Earlier in the week the Lords Economic Affairs Committee published a new report which argues that taxpayers are being treated unfairly by HM Revenue & Customs. The committee said, “There is a clear difference in culpability, for example, between deliberate and contrived tax avoidance by sophisticated, high-income individuals, and uninformed or naive decisions by unrepresented taxpayers.” A notable example is the recent loan charge scandal which would see up to 50,000 people facing very large tax bills because, as the committee argues, a failure of HMRC to communicate properly with those affected.
A new report by the Lords Economic Affairs Committee argues that taxpayers are unfairly treated by HMRC
Commenting on the report our chief executive John O’Connell said: “We are encouraged to see some parliamentarians recognise that HMRC has gone too far in many instances, and that the balance is tipped against ordinary taxpayers. It’s important to ensure that taxpayers who have been unfairly treated get the justice they deserve. Britain’s hugely complex tax code places an enormous burden on ordinary taxpayers, and it’s time for the government to take bold action to simplify the system.”
Our policy analyst Duncan Simpson echoed John’s thoughts in an interview for talkRadio which you can listen to here.
Let us know if you have been hit by the loan charge scandal or similarly unfair tax issue.
TPA suggests new guide for government
At the TPA we are always keen to hold the government to account on wasteful spending but also on the language used by many departments. For example a common phrase you will hear many politicians use is “government money” when what they actually mean is “taxpayers’ money”.
With this is mind we have compiled a handy guide (see below) for government employees to ensure clarity and accuracy when discussing public spending. Can you think of any other examples? Do send me your suggestions.
Have the wheels come off for Motability?
Regular readers may recall that we have previously looked at the large amounts of cash hoarded by the Motability Operations scheme. The firm offers a fleet of vehicles to wheelchair users and others in return for part of their State disability allowance and back in February of this year MPs called for an investigation into the company.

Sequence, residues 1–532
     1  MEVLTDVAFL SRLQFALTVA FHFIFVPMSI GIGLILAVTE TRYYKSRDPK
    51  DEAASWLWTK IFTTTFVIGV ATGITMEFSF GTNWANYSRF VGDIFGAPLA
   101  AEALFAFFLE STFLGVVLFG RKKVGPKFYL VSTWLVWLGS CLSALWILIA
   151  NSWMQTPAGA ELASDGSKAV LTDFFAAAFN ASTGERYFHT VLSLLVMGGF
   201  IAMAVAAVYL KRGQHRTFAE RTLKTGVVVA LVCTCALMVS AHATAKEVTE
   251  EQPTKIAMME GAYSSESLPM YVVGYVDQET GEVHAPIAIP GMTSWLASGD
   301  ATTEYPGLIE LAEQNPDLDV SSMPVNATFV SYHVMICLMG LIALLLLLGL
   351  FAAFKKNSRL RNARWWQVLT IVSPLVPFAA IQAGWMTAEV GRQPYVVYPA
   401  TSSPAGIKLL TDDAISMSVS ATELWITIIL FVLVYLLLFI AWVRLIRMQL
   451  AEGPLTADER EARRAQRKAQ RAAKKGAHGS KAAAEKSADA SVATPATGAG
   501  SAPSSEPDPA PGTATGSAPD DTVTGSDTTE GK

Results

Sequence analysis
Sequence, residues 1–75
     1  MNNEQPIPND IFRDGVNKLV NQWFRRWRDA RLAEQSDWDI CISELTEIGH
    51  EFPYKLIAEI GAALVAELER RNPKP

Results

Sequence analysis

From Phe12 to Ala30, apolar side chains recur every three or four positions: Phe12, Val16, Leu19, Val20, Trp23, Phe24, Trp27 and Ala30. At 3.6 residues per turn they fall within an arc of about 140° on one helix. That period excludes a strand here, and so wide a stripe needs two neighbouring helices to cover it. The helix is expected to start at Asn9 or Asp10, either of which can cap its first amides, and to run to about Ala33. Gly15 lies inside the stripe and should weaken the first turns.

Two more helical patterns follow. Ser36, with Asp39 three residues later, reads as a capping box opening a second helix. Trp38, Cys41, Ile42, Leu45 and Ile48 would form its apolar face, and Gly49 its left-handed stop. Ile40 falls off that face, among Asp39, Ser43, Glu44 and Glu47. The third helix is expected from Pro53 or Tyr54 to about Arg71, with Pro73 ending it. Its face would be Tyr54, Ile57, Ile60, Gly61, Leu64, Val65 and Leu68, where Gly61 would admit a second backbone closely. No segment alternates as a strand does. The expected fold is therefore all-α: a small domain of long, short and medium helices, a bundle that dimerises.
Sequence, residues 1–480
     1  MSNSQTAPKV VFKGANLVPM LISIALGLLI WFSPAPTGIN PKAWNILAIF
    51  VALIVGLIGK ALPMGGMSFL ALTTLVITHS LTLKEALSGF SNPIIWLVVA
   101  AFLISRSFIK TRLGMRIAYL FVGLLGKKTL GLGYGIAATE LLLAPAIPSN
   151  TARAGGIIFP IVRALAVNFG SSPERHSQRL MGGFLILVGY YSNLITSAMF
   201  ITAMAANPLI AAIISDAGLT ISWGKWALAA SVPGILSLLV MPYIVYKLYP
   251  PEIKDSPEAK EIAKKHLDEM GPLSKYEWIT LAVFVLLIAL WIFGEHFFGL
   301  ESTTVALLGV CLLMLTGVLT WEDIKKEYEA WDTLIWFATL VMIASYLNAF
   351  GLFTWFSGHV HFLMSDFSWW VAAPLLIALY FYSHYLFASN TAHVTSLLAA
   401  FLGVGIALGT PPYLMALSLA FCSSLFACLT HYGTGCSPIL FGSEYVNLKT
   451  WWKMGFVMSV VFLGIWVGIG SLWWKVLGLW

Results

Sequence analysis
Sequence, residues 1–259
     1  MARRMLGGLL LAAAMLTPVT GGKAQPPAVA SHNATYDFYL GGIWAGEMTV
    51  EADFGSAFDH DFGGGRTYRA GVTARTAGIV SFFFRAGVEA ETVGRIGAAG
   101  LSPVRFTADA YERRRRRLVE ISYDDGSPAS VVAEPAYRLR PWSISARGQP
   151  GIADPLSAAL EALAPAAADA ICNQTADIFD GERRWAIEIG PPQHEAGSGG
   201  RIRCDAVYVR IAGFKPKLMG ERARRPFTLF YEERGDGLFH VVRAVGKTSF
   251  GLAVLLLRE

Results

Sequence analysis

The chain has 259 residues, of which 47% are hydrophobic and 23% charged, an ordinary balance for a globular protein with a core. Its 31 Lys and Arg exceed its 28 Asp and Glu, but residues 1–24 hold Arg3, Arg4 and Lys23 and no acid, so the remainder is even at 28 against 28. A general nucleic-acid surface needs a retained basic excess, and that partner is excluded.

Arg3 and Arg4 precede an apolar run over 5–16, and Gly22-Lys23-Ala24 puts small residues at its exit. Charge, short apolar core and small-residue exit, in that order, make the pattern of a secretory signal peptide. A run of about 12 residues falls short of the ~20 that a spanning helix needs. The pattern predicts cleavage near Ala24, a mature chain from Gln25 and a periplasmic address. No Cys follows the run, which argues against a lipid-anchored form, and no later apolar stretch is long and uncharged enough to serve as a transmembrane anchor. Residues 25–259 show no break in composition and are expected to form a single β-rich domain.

Fast forward to the present day and a new report by the National Audit Officehas concluded that customers were overcharged to the tune of £390million due to mismanagement. All the while it was kept quiet that chief executive Mike Betts had received a £2million bonus on top of his already very generous £1.7million pay package. As a result of the investigationMr Betts will step down from his position, although there are fears this may drag on while a successor is found.
Commenting on the story for The Express our chief executive John O’Connell said, “This report from the NAO is damning. The vast tax concesions and benefit payments which Motability Operations enjoys have kept the good times rolling for these at the top. This organisation is desperately in need of reform and some proper corporate governance.”
Motability enjoyed an effective monopoly thanks to government assistance and we hope lessons will be learnt from this shambles. Please email me if you know of a similar scheme that has gone awry.
The end is nigh for HS2?
HS2 has been very much in the public eye this week after chairman of the project Sir Terry Morgan resigned his post. The Today programme on Radio 4 ran a series of news pieces on HS2 and questioned Chris Grayling, the transport secretary, about how much trouble the project is in. Mr Grayling maintains that all phases of HS2 can be delivered for a total of £56billion and that the new rail line is desperately needed to increase capacity and relieve pressure on existing lines.